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Victims of dirty tricks & friendly fire: Machiavellian tactics in the Church militant
by Graeme J. Davidson,
October 2002

The Church may espouse ethical standards and teach others ethics, but when it comes to its own organisation, clearly Machiavelli is alive and flourishing.

A few years ago a priest preached a series of sermons on understanding the Bible in the light of modern scholarship. Five in the congregation where disturbed by what he preached. They attracted a few others who had a personal dislike of the priest, giving the impression of a groundswell reaction to the sermons and complained to the bishop.

Utilitarianism wins
The bishop mediated between the parties, while those cynical about the way the church hierarchy works had already predicted the outcome. There was no doctrinal error in the priest's teaching but because some in the parish had a particular theological view and were offended by the priest's teachings, he was asked to resign and find another position.

The priest was caught in a pincer manoeuvre. If he stayed, he would incur the ire of his bishop and split the parish further. If he resigned, he lost his job and carried the stigma of being a troublemaker. As he had been faithful to his calling and taught what he had learned at the church's own seminary, he felt that he was the victim of dirty tricks and friendly fire.

The bishop tried to sweeten the pill by rationalising that the priest would be better suited in a position more amenable to his theological interests. Yet the reality was the bishop had used a utilitarian approach to protect the general welfare of the organisation. In simple terms the numbers were stacked against the priest.

There are tens of thousands of stories that can be told like this. On one estimate, one in three clergy loses a job during their professional life because of the actions of a small vociferous group. Every parish can tell stories of individuals who have left or been squeezed out because they didn't fit the prevailing social culture. And there are plenty of senior church leaders who have surrounded themselves with sycophants and like-minded people in the belief that the gospel is best served by a 'cohesive team' rather than by disruptive prophets and 'troublesome' dissenters.

Coping with prophets and other troublesome folk
Of course there is nothing new about this. The Bible is full of such stories. There are Old Testament prophets whose message was unpalatable to their rulers. Jesus of Nazareth and his disciples were regarded as blasphemers by the religious establishment of their time, while many 'heretics' in the past have suffered torture or even death for not fitting in with the prevailing Church structure and theological attitudes.

Despite its theological bases of inclusive love, faithfulness to the Gospel, and multiple second chances to the repentant who falls short, the Church has a habit of shooting its own wounded, sometimes after wounding them itself. It reaches out in love to others — that is its mission and it does it with varying degrees of success — but when it comes to how it operates internally as an organisation, it is like any other organisation. It operates on two general rules and one corollary rule.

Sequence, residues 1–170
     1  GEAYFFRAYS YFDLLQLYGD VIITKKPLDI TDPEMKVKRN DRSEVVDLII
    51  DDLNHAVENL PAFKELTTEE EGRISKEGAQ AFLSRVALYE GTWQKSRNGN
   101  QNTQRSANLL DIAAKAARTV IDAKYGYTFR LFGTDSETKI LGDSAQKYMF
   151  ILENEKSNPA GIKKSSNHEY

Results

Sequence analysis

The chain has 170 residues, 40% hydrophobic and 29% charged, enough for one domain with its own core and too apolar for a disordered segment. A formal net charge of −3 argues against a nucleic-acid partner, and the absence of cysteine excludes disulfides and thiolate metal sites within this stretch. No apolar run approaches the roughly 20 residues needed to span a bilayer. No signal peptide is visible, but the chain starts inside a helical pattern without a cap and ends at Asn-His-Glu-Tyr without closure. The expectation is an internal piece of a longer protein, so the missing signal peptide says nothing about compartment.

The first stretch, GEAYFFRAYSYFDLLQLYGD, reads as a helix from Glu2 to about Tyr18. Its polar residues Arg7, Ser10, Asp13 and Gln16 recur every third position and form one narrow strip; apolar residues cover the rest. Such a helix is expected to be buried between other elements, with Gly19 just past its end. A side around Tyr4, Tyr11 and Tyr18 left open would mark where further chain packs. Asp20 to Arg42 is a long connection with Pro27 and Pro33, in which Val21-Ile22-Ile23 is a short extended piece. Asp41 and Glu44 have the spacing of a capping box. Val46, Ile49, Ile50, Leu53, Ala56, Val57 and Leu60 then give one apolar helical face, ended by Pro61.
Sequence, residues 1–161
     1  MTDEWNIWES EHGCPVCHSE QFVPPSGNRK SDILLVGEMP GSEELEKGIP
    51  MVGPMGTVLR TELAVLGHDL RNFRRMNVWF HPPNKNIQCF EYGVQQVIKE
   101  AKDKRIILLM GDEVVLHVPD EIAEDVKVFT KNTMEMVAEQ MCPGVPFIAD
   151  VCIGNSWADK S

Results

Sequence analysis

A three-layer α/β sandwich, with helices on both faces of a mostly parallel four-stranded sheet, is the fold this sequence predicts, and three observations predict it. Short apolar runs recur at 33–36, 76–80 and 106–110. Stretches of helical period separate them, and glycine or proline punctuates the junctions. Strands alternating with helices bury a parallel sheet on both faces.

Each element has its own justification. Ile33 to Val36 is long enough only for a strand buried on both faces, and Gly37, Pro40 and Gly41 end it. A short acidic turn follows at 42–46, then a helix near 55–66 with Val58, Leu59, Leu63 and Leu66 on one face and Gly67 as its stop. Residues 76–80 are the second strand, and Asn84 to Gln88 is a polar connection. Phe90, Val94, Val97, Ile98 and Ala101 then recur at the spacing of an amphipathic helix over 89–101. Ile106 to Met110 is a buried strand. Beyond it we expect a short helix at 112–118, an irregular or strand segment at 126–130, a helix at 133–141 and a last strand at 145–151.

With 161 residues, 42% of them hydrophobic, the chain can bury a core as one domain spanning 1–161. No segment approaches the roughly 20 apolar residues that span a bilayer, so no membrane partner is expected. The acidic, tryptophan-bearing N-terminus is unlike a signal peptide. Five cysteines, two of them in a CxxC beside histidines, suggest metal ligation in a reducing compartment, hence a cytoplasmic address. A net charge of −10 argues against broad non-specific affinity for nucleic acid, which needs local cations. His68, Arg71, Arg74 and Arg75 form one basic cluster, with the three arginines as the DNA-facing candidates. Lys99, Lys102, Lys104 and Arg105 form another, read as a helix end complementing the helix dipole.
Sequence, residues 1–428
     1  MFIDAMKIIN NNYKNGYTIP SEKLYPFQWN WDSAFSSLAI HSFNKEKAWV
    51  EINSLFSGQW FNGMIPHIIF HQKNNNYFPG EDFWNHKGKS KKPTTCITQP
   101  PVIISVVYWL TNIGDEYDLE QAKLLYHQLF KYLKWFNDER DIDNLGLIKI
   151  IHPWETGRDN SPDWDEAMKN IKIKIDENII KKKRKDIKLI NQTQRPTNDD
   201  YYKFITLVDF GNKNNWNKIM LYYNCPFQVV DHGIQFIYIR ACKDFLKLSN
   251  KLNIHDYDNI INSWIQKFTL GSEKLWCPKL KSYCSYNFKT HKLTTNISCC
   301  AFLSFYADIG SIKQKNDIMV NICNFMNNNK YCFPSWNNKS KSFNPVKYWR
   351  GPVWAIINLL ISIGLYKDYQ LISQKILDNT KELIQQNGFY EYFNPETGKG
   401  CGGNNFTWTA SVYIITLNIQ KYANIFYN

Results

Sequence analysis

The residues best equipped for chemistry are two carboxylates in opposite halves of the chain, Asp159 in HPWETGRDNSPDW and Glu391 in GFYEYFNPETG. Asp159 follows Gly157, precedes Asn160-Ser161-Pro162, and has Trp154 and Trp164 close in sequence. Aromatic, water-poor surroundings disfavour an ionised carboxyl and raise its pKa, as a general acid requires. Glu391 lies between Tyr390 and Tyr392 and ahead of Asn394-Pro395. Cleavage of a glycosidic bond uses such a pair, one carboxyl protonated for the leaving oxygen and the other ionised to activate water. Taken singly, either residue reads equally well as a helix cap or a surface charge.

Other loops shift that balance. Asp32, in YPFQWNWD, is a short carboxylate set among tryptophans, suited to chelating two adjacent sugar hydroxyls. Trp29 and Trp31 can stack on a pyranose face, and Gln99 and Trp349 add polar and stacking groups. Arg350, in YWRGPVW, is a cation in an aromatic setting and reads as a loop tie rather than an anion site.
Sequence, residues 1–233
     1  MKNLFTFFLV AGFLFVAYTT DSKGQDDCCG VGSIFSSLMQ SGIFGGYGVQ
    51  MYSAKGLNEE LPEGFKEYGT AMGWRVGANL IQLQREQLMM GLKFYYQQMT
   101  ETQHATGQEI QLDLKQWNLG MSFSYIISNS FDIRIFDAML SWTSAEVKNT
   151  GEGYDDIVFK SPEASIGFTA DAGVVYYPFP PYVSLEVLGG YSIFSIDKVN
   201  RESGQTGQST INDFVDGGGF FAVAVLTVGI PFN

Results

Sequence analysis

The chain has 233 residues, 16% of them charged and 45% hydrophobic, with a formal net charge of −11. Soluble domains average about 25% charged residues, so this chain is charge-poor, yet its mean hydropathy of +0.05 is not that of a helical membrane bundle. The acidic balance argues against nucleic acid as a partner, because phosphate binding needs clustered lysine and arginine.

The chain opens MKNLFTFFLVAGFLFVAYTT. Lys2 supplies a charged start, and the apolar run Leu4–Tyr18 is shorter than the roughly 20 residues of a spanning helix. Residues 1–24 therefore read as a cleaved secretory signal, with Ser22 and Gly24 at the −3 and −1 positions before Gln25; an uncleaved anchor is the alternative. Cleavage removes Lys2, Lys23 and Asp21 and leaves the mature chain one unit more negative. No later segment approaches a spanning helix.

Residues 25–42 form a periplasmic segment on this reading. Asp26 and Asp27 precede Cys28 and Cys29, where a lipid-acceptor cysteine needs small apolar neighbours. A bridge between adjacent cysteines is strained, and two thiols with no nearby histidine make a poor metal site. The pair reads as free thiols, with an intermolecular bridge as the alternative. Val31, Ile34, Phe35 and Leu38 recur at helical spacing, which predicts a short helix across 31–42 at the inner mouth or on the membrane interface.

Rule 1: Those in power try to hold on to their power and extend it on the assumption that this is for the good of the organisation.

Rule 2: Organisations use whatever means are necessary to protect their integrity.

The corollary rule is: Contain and minimise any threat to those in power or to the organisation.

Those who may be a threat to the church organisation are usually handled in one of five ways: Ignoring, denial, changing roles, adding an overseer, or removal.

Ignoring
Ignoring is the standard technique for handling those prophetic types who 'cry in the wilderness'. Treating their views as a serious threat elevates their status and draws attention to the cause. They are best ignored by listening politely to what they have to say and thanking them for their insight or deflecting them on to others -- "Why don't you raise that with x, she may have some helpful suggestions'. X then suggests Y and so on. The vociferous few can even be encouraged to voice their views in 'safe' forums such as a church meeting, where they are diluted by the views of others. Putting the ideas that are a threat on the bottom of agendas, so that there is never enough time to properly debate them, or sending the ideas through a lengthy committee process are also typical ignoring tactics. The church can then truthfully say that it is democratic and encourages prophetic voices.

Denial
Denial is frequently used when dissenters can no longer be ignored. The dissenters are gaining momentum and could create dents that threaten the organisational fabric. It is at this stage that a senior church leader and other experts may meet with the dissenters. They diplomatically state how important the dissenters' views are to the church, and may concede an inconsequential or token point to appease them. They will then proceed to refute and deflect the dissenters. There is always one example somewhere that can be used to contradict the dissenters' claims.